Workers: Workers are sterile females that may be all one size or may vary in size. If they are all the same size, they are known as monomorphic. If they vary in size, they are known as polymorphic. Workers carry out all the work of the colony, as their name implies. This includes, but is not limited to, foraging for food, tending the young, and protecting the nest. In colonies with polymorphic workers, the division of labor may be assigned according to the sizes of the workers. In some species, different workers have specially adapted features to carry out specific tasks. In other species, younger workers may carry out duties that are closer to the nest while older workers go out foraging for food.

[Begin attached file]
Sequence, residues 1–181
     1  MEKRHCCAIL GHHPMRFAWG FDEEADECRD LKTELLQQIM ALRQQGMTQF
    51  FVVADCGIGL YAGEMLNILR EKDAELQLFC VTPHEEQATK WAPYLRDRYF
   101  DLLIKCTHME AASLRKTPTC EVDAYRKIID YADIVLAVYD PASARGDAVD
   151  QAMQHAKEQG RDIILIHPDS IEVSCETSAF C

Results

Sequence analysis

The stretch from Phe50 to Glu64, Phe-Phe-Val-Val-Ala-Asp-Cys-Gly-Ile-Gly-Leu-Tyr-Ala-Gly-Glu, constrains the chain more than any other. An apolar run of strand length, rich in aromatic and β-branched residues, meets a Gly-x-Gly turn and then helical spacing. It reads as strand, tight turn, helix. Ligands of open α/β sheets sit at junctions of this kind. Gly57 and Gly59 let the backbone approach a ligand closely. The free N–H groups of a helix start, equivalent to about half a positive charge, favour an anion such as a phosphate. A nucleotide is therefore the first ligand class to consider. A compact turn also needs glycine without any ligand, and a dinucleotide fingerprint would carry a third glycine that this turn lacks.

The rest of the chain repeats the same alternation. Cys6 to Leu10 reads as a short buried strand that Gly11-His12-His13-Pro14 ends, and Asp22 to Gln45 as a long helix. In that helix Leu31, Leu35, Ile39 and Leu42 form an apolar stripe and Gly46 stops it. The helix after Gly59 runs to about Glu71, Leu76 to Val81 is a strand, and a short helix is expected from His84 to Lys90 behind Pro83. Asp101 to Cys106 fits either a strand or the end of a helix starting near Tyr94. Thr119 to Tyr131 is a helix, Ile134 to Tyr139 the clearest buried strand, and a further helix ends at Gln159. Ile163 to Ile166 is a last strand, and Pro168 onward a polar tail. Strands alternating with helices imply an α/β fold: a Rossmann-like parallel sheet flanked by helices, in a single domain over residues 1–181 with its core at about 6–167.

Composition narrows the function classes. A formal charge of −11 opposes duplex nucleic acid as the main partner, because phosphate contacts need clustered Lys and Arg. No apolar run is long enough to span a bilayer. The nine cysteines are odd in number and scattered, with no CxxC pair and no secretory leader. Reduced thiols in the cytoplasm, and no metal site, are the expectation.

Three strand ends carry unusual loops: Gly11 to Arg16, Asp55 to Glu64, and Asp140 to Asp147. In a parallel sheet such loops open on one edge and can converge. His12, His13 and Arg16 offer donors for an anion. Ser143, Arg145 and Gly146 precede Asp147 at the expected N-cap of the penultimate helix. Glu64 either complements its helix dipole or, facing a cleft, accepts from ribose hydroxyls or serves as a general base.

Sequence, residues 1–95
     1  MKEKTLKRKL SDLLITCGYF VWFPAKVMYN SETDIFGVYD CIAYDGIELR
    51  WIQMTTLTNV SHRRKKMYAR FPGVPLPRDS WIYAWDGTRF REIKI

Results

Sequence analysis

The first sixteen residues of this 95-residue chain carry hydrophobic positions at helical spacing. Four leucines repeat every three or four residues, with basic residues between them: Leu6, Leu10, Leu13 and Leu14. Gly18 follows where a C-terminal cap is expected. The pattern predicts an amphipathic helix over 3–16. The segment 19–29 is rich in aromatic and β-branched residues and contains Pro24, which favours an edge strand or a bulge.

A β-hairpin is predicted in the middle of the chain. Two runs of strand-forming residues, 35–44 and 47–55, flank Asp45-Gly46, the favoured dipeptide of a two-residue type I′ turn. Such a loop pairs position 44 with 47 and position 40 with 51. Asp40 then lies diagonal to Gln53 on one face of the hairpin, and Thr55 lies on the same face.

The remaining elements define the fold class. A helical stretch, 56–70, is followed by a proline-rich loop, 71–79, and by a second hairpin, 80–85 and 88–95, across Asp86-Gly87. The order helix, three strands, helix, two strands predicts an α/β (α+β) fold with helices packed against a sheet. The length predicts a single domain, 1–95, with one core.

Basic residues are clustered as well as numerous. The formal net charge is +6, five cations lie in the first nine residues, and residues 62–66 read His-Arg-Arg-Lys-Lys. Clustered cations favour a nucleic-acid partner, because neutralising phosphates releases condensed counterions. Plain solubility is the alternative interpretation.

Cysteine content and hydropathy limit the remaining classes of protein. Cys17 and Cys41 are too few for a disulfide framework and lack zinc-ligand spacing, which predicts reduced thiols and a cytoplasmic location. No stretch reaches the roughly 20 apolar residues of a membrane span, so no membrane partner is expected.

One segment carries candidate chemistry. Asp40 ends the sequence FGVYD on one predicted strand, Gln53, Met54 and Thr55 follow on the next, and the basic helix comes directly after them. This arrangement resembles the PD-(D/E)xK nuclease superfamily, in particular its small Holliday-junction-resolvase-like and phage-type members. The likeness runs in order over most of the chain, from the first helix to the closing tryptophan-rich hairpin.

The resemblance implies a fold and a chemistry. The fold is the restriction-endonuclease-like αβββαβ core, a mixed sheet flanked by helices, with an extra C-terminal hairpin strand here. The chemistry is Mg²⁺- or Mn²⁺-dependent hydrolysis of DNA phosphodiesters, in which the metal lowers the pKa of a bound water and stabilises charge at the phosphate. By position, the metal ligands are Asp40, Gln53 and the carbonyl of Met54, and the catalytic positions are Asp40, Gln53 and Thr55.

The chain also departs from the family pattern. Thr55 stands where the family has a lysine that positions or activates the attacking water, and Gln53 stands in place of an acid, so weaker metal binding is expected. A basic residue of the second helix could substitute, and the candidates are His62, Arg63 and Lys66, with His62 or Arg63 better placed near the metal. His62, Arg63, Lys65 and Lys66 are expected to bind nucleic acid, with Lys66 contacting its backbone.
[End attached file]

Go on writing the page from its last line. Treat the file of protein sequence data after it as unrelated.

Reproductive females or queens: Queens are almost always the largest members in a colony. An unmated queen retains her wings until she is mated. After the first group of eggs has developed, the queen has the luxury of being fed, cleaned, and generally taken care of by the workers. Her only function is to produce and lay eggs.
Reproductive males: The only function of the males is to inseminate the queens. After they do this, they die within a few days. If the species to which a male belongs has winged queens, the male will also have wings. Mating may occur either in the air, on the ground, or in the nest. Adult males do not stay in the nest for long at all. Once they leave, they are fortunate to survive for any length of time, since they face great risk from predators and natural elements.